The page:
[fc-uk-discuss] fc-uk meeting on saturday 10th of december in
tom at acrewoods.net
Mon Dec 19 16:03:56 GMT 2005
I don't disagree that the European level is, at the moment, where we would
ideally act. I agree with your analysis there.
But until you or someone else can show how on earth we are likely to have any
kind of effect on that level today I'm just going to regard your email as
interesting background trivia.
When lobbying against software patents in Europe, there were two things
others) that helped us win several Parliamentary votes:
1 - The large number of individuals, communities and companies in Europe using
and creating free software;
2 - The broad coalition including companies who wanted stronger copyright
protection and people who were totally anti-IP;
So to point (1), we don't have that with free culture issues. We have
no evidence - that policy makers will listen to - to suggest that
be better off with *less* protection/control. In a few meetings I've been to
with government / policy types they've reacted with snorts of derision when I
suggested that thousands of people in Reading were actively remixing
culture in a way that was totally incompatible with their agendas.
On point (2), we don't have that coalition and your extremely left-wing
posturing certainly isn't going to win us friends amongst the various
library-related institutions, rights holders who might be sympathetic to some
of our more limited aims, consumer rights groups concerned about DRM,
development groups working on TRIPS (which will be *the* hot issue of
for many NGOs), and so on. Unless we can build that broad coalition,
on the EU level would just be pissing in the wind...
The rationale behind local action is not that we would in an ideal
world be most
effective there. It is a recognition of *reality*, that we haven't got
of basis for larger action at the moment. Better to get on with building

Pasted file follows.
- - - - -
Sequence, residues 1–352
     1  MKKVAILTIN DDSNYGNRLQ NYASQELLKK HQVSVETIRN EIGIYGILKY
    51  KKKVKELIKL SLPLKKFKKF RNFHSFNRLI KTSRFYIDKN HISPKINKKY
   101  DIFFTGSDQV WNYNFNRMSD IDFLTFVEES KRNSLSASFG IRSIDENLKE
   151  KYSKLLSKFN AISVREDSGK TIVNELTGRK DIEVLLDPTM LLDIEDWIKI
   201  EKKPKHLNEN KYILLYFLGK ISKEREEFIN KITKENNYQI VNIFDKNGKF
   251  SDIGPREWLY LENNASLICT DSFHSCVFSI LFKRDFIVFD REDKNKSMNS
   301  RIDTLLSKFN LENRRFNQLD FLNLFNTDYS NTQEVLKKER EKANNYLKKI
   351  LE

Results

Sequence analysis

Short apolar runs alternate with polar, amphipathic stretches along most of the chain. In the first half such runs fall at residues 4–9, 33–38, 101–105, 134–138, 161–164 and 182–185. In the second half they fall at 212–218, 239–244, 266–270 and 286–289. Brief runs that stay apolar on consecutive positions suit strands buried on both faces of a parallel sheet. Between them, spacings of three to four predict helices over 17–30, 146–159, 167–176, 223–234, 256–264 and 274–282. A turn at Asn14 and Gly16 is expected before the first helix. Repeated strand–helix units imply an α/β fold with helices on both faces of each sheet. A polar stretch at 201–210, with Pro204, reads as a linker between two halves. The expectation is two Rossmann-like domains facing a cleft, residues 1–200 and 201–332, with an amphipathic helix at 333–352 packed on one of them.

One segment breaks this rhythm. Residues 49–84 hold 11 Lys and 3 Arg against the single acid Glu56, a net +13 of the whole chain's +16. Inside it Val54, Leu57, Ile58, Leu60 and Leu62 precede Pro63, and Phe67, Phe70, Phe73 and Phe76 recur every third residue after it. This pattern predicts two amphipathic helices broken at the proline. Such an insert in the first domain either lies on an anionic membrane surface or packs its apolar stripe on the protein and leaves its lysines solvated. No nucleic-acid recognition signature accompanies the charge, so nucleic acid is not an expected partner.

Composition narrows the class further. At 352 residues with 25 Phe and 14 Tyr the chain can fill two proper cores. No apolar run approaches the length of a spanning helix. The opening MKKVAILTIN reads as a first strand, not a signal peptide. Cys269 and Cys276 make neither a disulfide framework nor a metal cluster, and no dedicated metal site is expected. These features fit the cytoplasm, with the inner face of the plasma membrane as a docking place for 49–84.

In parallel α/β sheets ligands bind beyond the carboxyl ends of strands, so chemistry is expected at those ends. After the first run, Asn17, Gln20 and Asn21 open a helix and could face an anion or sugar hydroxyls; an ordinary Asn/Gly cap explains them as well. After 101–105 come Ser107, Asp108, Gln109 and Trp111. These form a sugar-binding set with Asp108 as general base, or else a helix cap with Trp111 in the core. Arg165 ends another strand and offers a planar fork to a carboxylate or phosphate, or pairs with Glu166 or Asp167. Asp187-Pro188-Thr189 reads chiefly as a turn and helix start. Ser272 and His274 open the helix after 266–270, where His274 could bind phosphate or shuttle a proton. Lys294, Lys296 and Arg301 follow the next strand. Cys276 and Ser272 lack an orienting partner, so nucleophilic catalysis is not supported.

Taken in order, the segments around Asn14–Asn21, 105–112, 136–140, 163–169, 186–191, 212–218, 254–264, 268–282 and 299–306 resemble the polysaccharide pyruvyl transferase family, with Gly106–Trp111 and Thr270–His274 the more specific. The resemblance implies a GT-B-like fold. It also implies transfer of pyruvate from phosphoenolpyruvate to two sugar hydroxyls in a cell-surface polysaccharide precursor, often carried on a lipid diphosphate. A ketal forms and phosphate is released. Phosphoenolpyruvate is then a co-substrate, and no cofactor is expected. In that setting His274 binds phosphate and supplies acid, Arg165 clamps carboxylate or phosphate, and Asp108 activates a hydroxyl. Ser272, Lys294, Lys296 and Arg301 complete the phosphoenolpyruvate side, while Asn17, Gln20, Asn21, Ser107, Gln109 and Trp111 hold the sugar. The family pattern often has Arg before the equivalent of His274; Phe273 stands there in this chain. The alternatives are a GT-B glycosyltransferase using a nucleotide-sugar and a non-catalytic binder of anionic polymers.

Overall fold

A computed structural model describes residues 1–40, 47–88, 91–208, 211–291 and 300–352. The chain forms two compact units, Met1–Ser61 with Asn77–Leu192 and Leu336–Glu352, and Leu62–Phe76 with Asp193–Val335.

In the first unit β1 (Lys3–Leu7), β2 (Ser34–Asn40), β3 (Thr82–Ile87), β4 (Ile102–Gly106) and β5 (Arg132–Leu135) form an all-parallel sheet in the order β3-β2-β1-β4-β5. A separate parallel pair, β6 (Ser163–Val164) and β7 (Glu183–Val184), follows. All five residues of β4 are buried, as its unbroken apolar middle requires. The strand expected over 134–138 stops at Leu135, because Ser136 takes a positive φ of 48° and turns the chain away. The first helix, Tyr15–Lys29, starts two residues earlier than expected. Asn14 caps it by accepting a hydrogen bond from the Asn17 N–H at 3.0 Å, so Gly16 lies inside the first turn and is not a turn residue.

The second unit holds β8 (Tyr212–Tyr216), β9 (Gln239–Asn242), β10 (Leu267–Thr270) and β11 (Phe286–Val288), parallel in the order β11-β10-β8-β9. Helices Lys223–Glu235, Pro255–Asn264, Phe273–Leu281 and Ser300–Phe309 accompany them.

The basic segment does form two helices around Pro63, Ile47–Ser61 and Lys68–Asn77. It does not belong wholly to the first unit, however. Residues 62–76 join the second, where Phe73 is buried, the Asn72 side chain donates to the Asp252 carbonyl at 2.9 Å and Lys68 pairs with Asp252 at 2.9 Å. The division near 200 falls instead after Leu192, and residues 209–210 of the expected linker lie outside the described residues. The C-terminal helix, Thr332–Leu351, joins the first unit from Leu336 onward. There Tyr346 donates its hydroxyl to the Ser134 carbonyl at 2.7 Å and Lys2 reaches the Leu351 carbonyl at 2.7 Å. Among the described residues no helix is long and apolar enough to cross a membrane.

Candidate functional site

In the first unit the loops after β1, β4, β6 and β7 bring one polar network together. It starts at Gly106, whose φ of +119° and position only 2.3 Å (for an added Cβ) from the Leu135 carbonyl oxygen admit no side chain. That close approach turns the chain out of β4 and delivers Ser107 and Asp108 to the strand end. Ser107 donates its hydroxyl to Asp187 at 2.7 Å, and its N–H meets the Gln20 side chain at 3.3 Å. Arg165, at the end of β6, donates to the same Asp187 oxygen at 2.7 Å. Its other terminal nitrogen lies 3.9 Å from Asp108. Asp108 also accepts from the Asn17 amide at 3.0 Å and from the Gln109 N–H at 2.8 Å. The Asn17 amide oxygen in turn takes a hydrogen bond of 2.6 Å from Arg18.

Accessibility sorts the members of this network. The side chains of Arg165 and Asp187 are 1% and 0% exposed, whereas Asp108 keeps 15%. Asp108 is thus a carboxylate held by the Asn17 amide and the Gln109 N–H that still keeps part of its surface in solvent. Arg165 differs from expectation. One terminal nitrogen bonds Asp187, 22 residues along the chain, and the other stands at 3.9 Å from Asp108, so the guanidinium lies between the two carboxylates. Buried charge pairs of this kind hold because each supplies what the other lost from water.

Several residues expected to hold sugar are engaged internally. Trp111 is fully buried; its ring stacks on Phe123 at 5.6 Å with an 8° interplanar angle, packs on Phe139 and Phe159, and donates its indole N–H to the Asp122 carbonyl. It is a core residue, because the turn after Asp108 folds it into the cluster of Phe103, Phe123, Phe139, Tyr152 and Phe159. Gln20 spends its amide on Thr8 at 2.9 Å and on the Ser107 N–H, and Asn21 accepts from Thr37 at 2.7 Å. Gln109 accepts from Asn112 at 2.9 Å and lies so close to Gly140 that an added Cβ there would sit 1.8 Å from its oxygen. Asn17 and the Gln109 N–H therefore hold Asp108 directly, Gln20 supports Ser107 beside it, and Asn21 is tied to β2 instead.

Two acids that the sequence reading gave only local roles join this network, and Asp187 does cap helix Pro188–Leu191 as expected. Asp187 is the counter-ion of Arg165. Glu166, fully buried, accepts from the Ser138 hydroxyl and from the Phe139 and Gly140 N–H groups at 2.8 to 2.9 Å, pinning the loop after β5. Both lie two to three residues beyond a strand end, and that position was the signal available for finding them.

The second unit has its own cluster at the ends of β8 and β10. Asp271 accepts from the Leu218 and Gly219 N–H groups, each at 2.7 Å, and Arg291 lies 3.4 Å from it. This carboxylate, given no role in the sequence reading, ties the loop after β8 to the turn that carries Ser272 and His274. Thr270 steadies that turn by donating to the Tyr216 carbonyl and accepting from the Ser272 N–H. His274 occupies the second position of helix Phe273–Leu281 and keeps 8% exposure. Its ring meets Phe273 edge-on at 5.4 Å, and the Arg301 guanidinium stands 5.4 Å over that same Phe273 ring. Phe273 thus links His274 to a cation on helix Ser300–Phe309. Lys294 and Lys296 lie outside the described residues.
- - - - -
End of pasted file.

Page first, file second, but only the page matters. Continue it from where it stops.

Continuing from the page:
coalitions, which for the moment is best done on a local level, and creating a
body of evidence (e.g. RR/RC, Loca, etc.) that contradicts those political
agendas we oppose.
If we did this and were really successful, and others were similarly
across Europe, then maybe, in a couple of years' time, we'd have the basis for
some cross-EU campaigning.
Or maybe you have some other strategy that will get us there? If you could
propose a convincing strategy for quickly building that coalition, and
providing the kind of evidence that politicians and policy wonks might listen
to, I'd be all ears. Until then I'll get on with the less glamorous but IMO
necessary ground work locally.
There's also an unrelated point that I feel very strongly about. By testing my
ideas locally, by talking to a wide variety of people, I ensure that my ideas
aren't just the crazy ramblings of an ivory-tower academic.
Quoting "David M. Berry" <d.berry at sussex.ac.uk>:
> The inability to have any kind of political imaginary beyond a
> localised mentality will consign Free Culture to the margins of
> political action. It is certainly clear that the constitution
> appears doomed, and indeed that the tyranny of structurelessness will
> reappear shortly when we are informed of the new direction of Free
> Culture UK, post the decision having been made by a small clique.
> The complete inability to understand the practical and political
> value of constitutional forms of governance is strange. Moreso, is
> the completely impractical and idealistic notion of weird
> unstructured, unorganised, unnamed, and inactive 'groups' loosely co-
> ordinating to loosely co-ordinate and hence get nothing done.
> Politics (i.e. those legislative actions that have huge consequences